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Photo by: Enrique Alvarez

Enrique Alvarez

Dr. Kathy Sullivan is an Explorer of Firsts

The first American woman to walk in space is also the first woman to reach the deepest known point in the ocean.

June 10, 2020

On June 7, 2020, Dr. Kathy Sullivan surfaced from her 35,810-foot dive to the Challenger Deep. She had just completed a historic dive - becoming the first woman to reach the deepest point in the ocean. But Dr. Sullivan’s legacy doesn’t stop there. The 68-year old astronaut and oceanographer is now the first human to walk in space and descend to the deepest point in the ocean.

The Farthest-Reaches of Our Planet

Instead of walking in space this time, Dr. Sullivan and Victor L. Vescovo, a fellow explorer and diving partner, landed on a muddy depression nearly 7 miles beneath the surface. They spent about an hour and a half in on the floor of the Mariana Trench, which is located about 200 miles southwest of Guam.

After capturing images with the Limiting Factor, their two-person research submersible, Dr. Sullivan and Vescovo began the four-hour ascent back to surface. The Limiting Factor is the world’s first and only manned-submersible capable of reaching the Challenger Deep. Once they reached their ship, the pair called a group of astronauts aboard the International Space Station, hovering around 254 miles above earth.

Aboard the ship, Dr. Sullivan said, “As a hybrid oceanographer and astronaut, this was an extraordinary day, a once in a lifetime day, seeing the moonscape of the Challenger Deep and then comparing notes with my colleagues on the ISS about our remarkable reusable inner-space outer-spacecraft.”

"If you’re looking for that absolutely glorious picture postcard view, space wins it every time. But if you want to be dazzled beyond anything you can imagine about the variety and abundance of life on Earth, go into the sea.”

Dr. Sullivan shared her story as part of The Explorers Club World Oceans Week - check it out here.

Photo by: Enrique Alvarez

Enrique Alvarez

Flagging the Accomplishment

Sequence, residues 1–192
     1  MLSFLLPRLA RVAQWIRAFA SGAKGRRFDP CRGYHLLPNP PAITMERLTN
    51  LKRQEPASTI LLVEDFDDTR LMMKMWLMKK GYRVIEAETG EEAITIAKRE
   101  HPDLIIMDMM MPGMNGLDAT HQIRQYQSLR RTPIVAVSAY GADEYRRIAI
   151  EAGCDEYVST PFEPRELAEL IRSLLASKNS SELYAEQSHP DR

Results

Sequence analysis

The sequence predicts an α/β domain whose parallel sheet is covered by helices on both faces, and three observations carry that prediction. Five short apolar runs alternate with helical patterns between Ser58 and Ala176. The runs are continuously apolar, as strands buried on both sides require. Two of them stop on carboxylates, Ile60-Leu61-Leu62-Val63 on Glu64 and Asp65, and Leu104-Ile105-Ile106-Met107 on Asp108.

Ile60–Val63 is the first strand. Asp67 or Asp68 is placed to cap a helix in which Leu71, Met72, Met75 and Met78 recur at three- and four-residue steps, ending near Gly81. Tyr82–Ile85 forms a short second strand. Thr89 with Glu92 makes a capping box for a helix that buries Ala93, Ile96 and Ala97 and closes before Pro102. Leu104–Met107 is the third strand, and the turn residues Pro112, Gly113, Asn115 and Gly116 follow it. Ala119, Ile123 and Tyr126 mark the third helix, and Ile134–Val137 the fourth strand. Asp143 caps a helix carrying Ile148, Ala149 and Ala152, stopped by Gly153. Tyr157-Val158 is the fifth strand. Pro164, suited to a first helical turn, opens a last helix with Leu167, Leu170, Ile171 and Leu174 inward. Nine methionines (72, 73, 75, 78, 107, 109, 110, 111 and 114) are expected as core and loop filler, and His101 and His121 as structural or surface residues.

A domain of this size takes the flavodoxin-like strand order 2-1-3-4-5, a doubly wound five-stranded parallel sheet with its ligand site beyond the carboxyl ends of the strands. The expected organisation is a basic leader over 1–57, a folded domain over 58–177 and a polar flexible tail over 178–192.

Dr. Sullivan and Victor Vescovo held up The Explorers Club Flag #114, which stands for courage and fidelity. They are both Explorers Club Medal winners, and Dr. Sullivan is the Honorary Chair.

Since 1918, the flag has been carried to all of the Earth’s continents, as well as under the sea and into the stars. To date, more than 1,000 explorers have carried the flag on over 1,700 expeditions. A select handful of the 222 Explorers Club flags have been framed and now decorate the clubhouse in New York. These include flags carried by Roy Chapman Andrews (the real life “Indiana Jones”), Bob Bartlett, Thor Heyerdahl, Naomi Uemura, and miniature flags carried aboard multiple Apollo missions-- 8, 11, and 15.

These are some expeditions The Explorers Club Flag #114 has been carried.

  • Adam A. Janikowski to Mount Everest, 2008: To complete an orbit of the highest summit on earth.
  • Marilyn Engle in regions of Peru, 2011: To study the human health impacts of mercury emissions in the Amazon and high-altitude locations.
  • Adam Shoalts on the Arctic River Expedition, 2014: To be the first canoe to travel through a 300-mile river of ice in the Arctic Circle.
  • David Mearns on the Archaeological Excavation of ESMERALDA, 2015: To uncover the 500-year-old wreck site of what is believed to be the earliest ship ever found from Europe’s “Age of Discovery.”

Hybrid Oceanographer and Astronaut

Dr. Sullivan’s epic feat this week was quite different from when she walked in space on October 11, 1984. In 1973, she joined NASA as part of the first group of U.S. astronauts to include women. Becoming the first American woman to walk in space, Dr. Sullivan is a veteran of three shuttle missions. In 2004, she was inducted into the Astronaut Hall of Fame.

Dr. Sullivan has served as the administrator of the National Oceanic and Atmospheric Administration, and has always had a fascination with the ocean. Before becoming an astronaut, she participated in one of the first missions to study the volcanic processes that create the ocean crust in a deep-sea underwater vessel. It might be safe to assume that Dr. Sullivan is not claustrophobic, or afraid of heights.

Dr. Sullivan will remain at sea for the next few days, according to a representative from Caladan Oceanic, the underwater technology and expedition company aboard the ship.

Earlier this year, Dr. Sullivan offered a powerful message about how to face challenging situations. In The Explorer’s Club “Exploring Isolation” livestream and Discovery’s CONFESSIONS FROM SPACE, she told us to “Be Here Now.”

This article was written in partnership with The Explorers Club. Hear more stories from explorers during World Oceans Week, June 7 - 12.

The Explorers Club

The Explorers Club, a non-profit world leader in exploration. Since its inception in 1904, members of the Club have traversed the earth, the seas, the skies, and even the moon, on expeditions of exploration.

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